Texas Medical Center

New Study has Surgeons Rethinking Knee Repair Protocols


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By Hannah Pietsch  |  Houston Methodist Hospital

A new study determined that putting the knee through a normal range of motion shortly after surgery to repair the meniscus speeds up the recovery process and gets people active faster.

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Patrick McCulloch, M.D.       

The meniscus is a rubbery shock absorber in the knee that helps reduce friction during movement. A meniscal tear is most often associated with a swollen, stiff knee and is the most common reason for arthroscopic knee surgery. A meniscal tear can occur in all sports and dance, but are most common in those sports that involve twisting and squatting, such as basketball or baseball. For many years, orthopedic surgeons believed that allowing the knee to bend before the meniscus was fully healed would cause gapping at the repair site.

“With my previous rehab protocol, my patients used a locking brace for several weeks after surgery to keep the knee straight,” said Patrick McCulloch, M.D., an orthopedic surgeon at Houston Methodist Orthopedics & Sports Medicine and the study’s lead investigator.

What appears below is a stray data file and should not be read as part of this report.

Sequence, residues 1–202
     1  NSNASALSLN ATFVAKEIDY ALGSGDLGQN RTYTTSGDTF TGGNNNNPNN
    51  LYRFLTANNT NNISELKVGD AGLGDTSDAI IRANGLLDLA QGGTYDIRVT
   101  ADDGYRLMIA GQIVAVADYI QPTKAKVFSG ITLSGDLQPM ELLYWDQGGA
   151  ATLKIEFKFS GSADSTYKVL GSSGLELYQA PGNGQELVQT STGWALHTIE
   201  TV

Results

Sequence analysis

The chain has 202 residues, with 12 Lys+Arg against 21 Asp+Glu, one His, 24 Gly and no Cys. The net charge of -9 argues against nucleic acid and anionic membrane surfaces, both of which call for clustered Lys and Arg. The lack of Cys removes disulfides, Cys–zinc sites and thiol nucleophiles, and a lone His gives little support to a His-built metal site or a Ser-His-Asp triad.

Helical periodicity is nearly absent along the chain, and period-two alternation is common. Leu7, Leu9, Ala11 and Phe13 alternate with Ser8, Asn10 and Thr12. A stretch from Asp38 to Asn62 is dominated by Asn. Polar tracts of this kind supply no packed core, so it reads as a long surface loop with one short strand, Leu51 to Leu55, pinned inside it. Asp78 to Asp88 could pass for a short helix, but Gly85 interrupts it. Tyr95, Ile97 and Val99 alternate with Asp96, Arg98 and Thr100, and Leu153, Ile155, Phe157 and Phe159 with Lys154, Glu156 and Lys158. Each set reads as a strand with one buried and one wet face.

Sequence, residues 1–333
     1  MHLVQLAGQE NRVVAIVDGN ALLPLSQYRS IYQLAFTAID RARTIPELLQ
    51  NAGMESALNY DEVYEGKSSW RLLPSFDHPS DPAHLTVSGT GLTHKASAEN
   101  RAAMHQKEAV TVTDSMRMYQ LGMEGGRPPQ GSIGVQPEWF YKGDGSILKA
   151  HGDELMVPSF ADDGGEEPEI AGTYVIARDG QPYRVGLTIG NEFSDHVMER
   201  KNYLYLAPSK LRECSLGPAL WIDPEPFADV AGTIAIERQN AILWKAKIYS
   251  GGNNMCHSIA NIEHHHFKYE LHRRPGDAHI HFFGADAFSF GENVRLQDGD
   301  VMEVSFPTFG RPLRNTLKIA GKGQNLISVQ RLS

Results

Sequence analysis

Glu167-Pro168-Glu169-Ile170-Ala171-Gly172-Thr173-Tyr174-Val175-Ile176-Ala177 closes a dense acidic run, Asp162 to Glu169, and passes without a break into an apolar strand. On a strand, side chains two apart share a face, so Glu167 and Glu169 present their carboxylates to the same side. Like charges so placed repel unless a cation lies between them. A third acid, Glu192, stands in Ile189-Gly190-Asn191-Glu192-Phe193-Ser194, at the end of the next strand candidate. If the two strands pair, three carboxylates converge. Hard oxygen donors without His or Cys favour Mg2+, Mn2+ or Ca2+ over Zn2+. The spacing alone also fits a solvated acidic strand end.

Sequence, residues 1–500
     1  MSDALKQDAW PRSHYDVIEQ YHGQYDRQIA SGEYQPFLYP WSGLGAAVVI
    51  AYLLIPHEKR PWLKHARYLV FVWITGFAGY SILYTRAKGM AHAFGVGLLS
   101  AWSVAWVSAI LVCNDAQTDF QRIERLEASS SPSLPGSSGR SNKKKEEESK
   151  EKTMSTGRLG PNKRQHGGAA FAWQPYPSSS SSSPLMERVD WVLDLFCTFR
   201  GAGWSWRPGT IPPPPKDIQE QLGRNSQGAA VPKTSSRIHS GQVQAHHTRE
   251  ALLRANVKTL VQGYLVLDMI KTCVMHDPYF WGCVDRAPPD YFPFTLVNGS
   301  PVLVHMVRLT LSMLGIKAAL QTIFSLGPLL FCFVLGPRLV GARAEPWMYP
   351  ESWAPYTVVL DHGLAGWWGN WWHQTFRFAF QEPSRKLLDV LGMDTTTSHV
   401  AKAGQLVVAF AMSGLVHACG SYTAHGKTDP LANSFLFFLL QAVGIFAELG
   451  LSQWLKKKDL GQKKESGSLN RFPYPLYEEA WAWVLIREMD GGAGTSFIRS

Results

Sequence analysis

The study, published in the American Journal of Sports Medicine, was the first to use radiostereometric analysis, or RSA, to study the motion of the knee’s meniscus. RSA involves implanting small metallic beads into the soft tissues around the knee and taking X-rays of the knee at different angles. Researchers then combine the X-rays to create 3D images and measure the movement of the beads.

“In contrast to our original hypothesis, we found that meniscal repair sites did not gap when the knee was taken through high flexion, or bent at a 90 degree or higher angle,” said McCulloch. “In fact, we saw very small motions in the meniscus, and those we did see compressed the repair site together.”

Based on the evidence, McCulloch now allows his patients to undergo a supervised, non-weight bearing, unrestricted range of motion program during the rehabilitation process that could take anywhere from a few weeks to a couple of months.

“We strive to get our patients back to their normal activities as quickly as possible,” McCulloch said. “I believe this accelerated rehab process can help patients get moving several weeks faster than before.”